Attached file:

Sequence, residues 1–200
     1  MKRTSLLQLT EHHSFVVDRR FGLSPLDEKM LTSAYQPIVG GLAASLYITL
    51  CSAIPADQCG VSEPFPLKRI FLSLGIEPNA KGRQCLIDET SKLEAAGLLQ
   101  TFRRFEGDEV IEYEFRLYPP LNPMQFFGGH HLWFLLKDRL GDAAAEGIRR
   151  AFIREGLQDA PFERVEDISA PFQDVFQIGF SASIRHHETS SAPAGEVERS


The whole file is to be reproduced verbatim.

Sequence, residues 1–200
     1  MKRTSLLQLT EHHSFVVDRR FGLSPLDEKM LTSAYQPIVG GLAASLYITL
    51  CSAIPADQCG VSEPFPLKRI FLSLGIEPNA KGRQCLIDET SKLEAAGLLQ
   101  TFRRFEGDEV IEYEFRLYPP LNPMQFFGGH HLWFLLKDRL GDAAAEGIRR
   151  AFIREGLQDA PFERVEDISA PFQDVFQIGF SASIRHHETS SAPAGEVERS